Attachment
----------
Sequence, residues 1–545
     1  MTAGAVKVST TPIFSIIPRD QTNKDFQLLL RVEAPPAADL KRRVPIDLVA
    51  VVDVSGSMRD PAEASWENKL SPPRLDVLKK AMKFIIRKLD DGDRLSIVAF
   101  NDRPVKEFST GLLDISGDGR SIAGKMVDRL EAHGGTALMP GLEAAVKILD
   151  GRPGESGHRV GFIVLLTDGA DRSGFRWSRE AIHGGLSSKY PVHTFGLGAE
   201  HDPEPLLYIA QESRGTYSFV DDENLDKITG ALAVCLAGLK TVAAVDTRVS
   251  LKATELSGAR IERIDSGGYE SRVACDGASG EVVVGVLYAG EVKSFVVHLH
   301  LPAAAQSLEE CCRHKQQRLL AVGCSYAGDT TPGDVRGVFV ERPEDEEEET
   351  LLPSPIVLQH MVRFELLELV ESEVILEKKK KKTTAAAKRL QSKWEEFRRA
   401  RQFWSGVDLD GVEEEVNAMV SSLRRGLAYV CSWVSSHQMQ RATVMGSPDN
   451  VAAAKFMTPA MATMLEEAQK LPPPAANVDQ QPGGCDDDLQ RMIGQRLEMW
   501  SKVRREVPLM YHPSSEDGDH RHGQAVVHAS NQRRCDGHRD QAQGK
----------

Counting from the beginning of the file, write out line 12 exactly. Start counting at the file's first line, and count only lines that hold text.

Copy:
   501  SKVRREVPLM YHPSSEDGDH RHGQAVVHAS NQRRCDGHRD QAQGK